Dorn shook his head. "No, a few laps, that's all. Are you finished here? I'd like to change."
Cramer looked skeptical. "You? Work out? Since when? No, I think it was something else that brought you here, something that looks and smells like a rat." The upperclassman's hand shot out and grabbed Wiley's hair. The little boy twisted free and started to run. An upper named Havlick grabbed the youth and held him off the floor.
Dorn frowned. "That's enough. Put him down."
"So," Cramer said softly, "the rumors are true. The Voss-man is a rat lover. Well, come on, rat lover, show the rodents how you love them."
Havlick looked doubtful. "I don't know, Cramer ..."
"You don't know what?" Cramer demanded sarcastically. "Who your father was? Get real, Havlick ... You don't believe that crap, do you? Have you ever seen Voss fight? No? Well, neither have I. Voss invented that martial arts crap to scare idiots like you."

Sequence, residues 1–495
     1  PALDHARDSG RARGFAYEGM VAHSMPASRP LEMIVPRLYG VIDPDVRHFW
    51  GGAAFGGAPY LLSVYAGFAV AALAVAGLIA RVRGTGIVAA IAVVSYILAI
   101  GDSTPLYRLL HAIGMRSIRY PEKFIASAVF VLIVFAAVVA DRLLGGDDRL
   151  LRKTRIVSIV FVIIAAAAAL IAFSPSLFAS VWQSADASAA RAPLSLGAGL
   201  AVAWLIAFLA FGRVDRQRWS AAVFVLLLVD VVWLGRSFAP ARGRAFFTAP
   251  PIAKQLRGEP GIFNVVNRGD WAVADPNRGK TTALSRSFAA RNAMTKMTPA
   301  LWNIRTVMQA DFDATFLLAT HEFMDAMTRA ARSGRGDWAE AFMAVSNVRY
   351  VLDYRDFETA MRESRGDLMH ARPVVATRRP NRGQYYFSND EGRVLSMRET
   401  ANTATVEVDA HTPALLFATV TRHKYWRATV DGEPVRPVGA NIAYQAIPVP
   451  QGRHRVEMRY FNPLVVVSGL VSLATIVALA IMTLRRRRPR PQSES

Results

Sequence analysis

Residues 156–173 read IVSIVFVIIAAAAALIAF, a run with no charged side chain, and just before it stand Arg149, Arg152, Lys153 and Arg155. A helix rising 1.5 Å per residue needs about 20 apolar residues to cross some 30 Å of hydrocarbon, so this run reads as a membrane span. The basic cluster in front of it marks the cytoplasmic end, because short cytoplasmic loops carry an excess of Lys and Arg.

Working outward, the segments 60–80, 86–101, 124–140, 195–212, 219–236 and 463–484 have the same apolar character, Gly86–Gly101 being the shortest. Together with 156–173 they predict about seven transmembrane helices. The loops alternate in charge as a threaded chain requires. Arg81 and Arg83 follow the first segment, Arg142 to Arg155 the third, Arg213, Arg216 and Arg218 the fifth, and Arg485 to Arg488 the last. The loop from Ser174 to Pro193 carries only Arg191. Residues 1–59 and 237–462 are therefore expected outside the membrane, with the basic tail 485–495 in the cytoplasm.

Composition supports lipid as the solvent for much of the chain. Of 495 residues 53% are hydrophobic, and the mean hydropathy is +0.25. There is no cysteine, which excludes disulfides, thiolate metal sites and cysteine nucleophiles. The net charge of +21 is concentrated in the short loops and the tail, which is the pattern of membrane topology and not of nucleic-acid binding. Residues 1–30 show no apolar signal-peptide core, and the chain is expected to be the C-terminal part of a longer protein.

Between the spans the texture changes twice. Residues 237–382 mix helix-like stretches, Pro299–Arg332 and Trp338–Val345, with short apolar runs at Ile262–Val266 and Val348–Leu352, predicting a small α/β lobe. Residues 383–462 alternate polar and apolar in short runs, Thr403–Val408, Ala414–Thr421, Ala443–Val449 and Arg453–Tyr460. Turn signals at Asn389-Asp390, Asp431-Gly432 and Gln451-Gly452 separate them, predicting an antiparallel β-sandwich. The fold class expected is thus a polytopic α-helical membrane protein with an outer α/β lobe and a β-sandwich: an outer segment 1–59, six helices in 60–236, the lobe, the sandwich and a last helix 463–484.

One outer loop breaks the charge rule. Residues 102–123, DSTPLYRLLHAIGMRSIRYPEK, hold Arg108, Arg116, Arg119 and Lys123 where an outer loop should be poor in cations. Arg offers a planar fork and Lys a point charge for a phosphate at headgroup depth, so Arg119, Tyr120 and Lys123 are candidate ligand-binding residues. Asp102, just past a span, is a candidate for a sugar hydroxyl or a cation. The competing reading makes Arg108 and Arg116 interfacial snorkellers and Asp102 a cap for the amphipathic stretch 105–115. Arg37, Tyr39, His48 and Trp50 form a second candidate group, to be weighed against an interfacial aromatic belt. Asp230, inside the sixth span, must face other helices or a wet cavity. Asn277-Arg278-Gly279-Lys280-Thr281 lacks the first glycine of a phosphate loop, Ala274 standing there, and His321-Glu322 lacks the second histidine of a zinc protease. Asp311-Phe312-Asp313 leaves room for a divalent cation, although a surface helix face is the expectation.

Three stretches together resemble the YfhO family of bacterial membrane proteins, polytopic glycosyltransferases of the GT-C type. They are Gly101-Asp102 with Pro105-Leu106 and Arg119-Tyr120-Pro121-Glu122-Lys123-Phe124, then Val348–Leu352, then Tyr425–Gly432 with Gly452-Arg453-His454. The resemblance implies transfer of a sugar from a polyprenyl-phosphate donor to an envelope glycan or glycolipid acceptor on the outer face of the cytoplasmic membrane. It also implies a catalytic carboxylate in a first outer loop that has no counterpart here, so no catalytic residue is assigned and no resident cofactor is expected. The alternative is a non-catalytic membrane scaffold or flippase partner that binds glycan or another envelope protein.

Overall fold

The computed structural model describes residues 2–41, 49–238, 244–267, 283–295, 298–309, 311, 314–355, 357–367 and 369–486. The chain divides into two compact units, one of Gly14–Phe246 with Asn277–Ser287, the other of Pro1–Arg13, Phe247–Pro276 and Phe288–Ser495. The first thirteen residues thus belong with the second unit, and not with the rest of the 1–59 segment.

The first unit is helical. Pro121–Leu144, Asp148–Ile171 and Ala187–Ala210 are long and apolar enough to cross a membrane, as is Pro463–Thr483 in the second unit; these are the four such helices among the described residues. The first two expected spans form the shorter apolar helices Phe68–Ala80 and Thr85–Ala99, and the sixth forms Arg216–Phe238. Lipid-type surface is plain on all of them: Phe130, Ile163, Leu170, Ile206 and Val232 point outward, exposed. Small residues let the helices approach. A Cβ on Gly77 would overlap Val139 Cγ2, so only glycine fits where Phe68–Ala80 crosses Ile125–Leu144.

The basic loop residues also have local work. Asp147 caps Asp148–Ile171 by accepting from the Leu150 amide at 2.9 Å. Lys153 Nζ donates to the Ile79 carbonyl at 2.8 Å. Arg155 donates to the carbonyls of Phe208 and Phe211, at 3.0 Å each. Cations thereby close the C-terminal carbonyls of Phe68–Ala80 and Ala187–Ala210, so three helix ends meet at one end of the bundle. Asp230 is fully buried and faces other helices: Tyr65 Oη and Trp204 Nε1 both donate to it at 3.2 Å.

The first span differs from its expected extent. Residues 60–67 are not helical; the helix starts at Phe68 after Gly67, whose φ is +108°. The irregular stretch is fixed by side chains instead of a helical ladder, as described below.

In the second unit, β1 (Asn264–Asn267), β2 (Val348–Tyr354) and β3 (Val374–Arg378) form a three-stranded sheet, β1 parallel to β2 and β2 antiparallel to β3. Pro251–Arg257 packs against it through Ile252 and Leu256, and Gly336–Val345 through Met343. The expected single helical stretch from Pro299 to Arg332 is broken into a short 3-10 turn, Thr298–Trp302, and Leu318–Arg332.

Havlick licked thick, meaty lips and shrugged. "Sure, Cramer, whatever you say."
Dorn looked at the others, saw the hunger in their eyes, and knew there was no escape. None of the Horsemen had been present during the single fight that marked his first year at the academy. He remembered the long hours spent with his sister and the sound of her voice. "No, your other left, dummy ... Start face forward, feet apart, arms hanging at your sides. Now, move your right foot back and out at a forty-five-degree angle. Okay ... not bad for a geek. All right, bend your knees a little, rotate your hips to the right, and try to look scary. No, I said 'scary,' not 'stupid.' Good. Now, bend your left arm, keep your elbow low, and raise your fist. See? That protects your face and chest. In the meantime, you need to pull your right hand back to your hip, and hold your palm up. Perfect, or as perfect as a little turd like you is likely to get."